The report structures these 10 steps under the three main principles:
- Create content first, then design: Begin with the end in mind and think first about the objectives for the class. “Whatever that structure, an outline can be created to guide the course construction and design,” says the report. “When a class is planned ahead in such a way, an instructor can incorporate UDL principles and anticipate student needs, not just react to them.”
- Provide simple and consistent navigation: The instructor should consider how a screen reader for the visually impaired can provide content to the learner. Also, student should be able to navigate the screen and move from page-to-page without the requirement of a mouse. Pages should be clean and well-organized.
- Include an accommodation statement: Federal law requires that accommodations for people with disabilities be provided to make sure there are no barriers to learning. These include “providing reasonable means to accomplish the learning goals,” as well as an accommodation statements that “reflect an openness to make appropriate accommodations related to a student’s needs, where to go for accommodation services and to encourage the student to speak to the instructors about any accommodations they may need,” emphasizes the report.
- Use color with care: Consider a person who can’t distinguish color. Including many colors and fonts for headings or key points on the page would not be noticeable to those students, write the authors, and may also be confusing for anyone else reading the text online.
- Choose fonts carefully: This is similar to color choices, as fonts should be easily read and can be resized without trouble.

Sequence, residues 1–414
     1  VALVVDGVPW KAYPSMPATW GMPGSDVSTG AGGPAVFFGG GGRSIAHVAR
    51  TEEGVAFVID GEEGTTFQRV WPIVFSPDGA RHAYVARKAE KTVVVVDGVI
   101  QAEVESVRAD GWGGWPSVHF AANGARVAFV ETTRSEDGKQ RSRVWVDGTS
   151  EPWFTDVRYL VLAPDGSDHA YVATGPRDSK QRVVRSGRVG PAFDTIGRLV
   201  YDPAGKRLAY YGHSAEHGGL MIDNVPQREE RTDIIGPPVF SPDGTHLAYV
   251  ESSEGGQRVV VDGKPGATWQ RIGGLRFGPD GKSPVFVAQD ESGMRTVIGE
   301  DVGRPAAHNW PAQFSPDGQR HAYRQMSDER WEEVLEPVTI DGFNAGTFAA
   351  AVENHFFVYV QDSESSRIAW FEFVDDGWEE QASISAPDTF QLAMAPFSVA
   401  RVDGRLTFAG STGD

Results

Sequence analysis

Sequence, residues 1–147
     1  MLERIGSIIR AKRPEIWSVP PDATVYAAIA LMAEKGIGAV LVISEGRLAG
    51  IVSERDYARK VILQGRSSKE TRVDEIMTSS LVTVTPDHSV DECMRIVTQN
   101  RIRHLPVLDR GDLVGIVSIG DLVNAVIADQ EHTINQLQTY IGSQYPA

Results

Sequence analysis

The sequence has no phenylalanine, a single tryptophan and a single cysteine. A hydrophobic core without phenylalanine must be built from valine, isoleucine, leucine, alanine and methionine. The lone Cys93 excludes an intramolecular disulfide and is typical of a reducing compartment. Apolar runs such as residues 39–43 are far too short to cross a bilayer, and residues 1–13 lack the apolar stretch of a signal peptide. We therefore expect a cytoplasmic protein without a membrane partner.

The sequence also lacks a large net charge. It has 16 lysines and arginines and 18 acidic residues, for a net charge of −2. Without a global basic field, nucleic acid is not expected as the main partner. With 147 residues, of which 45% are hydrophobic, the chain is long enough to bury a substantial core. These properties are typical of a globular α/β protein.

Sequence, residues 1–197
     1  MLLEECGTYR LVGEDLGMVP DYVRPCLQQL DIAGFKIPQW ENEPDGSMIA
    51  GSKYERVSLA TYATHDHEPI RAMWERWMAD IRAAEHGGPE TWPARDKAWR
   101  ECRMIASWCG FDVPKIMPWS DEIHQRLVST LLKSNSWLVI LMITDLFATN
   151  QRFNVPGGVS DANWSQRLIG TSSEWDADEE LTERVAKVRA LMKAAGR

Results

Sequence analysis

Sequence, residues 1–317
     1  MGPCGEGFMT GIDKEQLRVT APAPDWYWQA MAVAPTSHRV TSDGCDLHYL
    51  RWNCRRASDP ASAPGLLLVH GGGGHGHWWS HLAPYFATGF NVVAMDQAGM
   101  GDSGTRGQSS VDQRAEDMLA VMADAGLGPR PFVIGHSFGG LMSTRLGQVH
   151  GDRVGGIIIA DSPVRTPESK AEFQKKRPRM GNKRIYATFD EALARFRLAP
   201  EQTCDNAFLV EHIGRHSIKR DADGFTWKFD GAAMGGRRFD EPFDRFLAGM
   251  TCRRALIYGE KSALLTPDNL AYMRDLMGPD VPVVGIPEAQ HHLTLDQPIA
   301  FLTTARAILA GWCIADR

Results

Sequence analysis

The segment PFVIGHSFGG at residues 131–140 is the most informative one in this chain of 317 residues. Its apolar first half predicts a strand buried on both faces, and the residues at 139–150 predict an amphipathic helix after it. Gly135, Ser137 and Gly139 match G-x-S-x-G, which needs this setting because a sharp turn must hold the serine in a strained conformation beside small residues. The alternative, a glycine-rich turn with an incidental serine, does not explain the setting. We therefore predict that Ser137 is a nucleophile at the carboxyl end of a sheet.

Action and Expression:
- Model and teach good discussion board etiquette: Screen readers, Braille display keyboards, speech-to-text software, text-to-audio software, and video relay systems may need to be used by students, so keep this in mind. Also, organizing discussion topics in advance to keep students on track, as well as providing a guideline on good discussion board etiquette to students is important.
Engagement and Interaction:
- Choose content management system (CMS) tools carefully: When choosing a LMS, looks for accessibility statements from the company, and check for ease-of-use in several areas (personalization, navigation, help with the system, tutorials for students, discussion tools, email tools, chat functions, assignment functions, testing features, etc.).
- Provide accessible document formats: It’s important for instructors to be consistent with the design throughout the course, notes the report. Also, position headings properly, use fewer frames, use accessible and applicable graphics, and provide text equivalents for non-text elements.
- Convert PowerPoint to HTML
- If the content is auditory, make it visual; If the content is visual, make it auditory.
For much more in-depth instructional guidelines about each of the 10 steps, read the full report: “Applying Universal Design for Learning in Online Courses: Pedagogical and Practical Considerations.”